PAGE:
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Teacher Interview - Chemistry teacher Alexander

November 13, 2017

When Alexander Raphael Hol Bjørndal was 17 years of age he began teaching individuals how to play the guitar alongside his studies this eventually lead to the creation of a guitar teaching sole proprietorship company which unknowingly became the very start of his future as a teacher.

 

Now, Alexander is teaching at Nesbru Upper Secondary School which he just started this year. He now teaches IB Chemistry as well as first and third-year science for Media and Communication and 1st-year math. It seems as though Alexander has always had a passion for teaching as he states, “In 2011 when I was doing my bachelor’s degree I started teaching in something called ‘Privatundervisningen AS’ which is private tutoring firm lecturing math, chemistry, and general science. “I think that was why I wanted to go into teaching because it’s just what I have been doing for so many years and what I eventually end up doing in whatever situation throughout my life”.

 

Alexander graduated from the University of Oslo with a master’s degree in Chemistry, which has given him the opportunity to teach IB Chemistry. Alexander explains that teaching IB chemistry has become an obvious choice for him as “chemistry has been my best subject, so for me to have the ability to teach IB chemistry would just be more of a challenge which would then become more rewarding both for me as a teacher and the students”. Alexander would consider himself somewhat addicted to knowledge, to him it is fascinating to spend time breaking down the foundations of what we consider knowledge and spread what we have discovered with anyone who wants to know.

“When I have students like in the IB, who are really interested in learning new material it becomes really fun for me to just dive into all the different subjects the students want to know about.”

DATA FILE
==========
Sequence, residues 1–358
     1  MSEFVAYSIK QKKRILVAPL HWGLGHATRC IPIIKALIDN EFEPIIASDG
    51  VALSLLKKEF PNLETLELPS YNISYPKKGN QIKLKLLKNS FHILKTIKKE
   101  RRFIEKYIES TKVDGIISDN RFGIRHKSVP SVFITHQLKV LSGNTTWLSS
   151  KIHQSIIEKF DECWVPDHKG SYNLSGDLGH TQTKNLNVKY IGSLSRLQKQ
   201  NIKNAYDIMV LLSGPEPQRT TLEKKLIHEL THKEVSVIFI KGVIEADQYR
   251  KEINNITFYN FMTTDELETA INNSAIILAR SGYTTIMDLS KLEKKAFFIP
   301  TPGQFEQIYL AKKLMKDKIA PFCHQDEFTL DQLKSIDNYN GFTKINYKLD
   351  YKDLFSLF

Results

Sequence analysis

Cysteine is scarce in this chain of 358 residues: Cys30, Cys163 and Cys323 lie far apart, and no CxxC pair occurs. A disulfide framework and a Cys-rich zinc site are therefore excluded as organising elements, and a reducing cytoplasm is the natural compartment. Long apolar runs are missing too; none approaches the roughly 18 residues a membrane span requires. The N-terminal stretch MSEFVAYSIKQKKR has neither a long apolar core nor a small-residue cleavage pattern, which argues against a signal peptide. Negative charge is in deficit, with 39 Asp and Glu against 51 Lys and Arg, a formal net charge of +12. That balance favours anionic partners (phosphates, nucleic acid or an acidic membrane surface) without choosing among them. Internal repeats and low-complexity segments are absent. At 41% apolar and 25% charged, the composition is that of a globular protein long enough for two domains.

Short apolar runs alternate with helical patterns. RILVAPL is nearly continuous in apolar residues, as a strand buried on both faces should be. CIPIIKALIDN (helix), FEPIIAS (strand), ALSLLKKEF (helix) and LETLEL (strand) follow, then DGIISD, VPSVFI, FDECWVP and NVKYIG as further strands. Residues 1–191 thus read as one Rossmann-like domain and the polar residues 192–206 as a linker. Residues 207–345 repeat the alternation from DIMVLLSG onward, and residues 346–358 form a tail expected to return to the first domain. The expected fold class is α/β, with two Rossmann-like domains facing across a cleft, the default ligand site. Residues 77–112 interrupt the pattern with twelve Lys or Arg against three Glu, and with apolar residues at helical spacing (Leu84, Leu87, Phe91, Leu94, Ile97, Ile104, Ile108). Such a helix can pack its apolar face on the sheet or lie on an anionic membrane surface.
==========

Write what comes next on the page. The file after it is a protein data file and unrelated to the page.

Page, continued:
It is very important to Alexander that students become more self-driven. He thinks that in a sense the normal school system doesn't have a dedicated subject to teach students how to learn. His teaching philosophy is based on an effort to make his students more self-driven, as he tells “one of the great advantages of the IB is that it teaches students to become self-driven. Based on that I purposely don’t give my students an awful lot of homework because I expect them to practice independently in the areas of knowledge they are struggling with, thus making them more self-motivated. I want the students to learn ‘How to Learn’ instead of just being fed information by the teacher.” It seems as though it is very important to Alexander that as students they become not just aware of the sciences, maths, and languages, but deeper into that, in the progress, we learn how to learn. That we practice not our mathematical skills but our skills at adapting to new knowledge.

 

As Alexander is a science teacher he finds it particularly important for students to learn sciences because science is the answer to how the specific ‘acts of magic’ in our daily lives happen. Alexander disclosed that it is important that people have the general education of how the world is and how it functions. Alexander jokingly explained that “If you once pick up a newspaper and see loads of statements stating for example that 9/10 apples contain chemicals, you can laugh and think hopefully 10/10 apples contain some sort of chemicals as water is also a chemical. Learning science is not just a subject that teaches you how the world is built up at a microscopic level, it teaches you how to be curious. “Science is driven by curiosity, and in a science class I want to teach my students not just about sciences, but also how to be curious and question what we already know”. 

 

 

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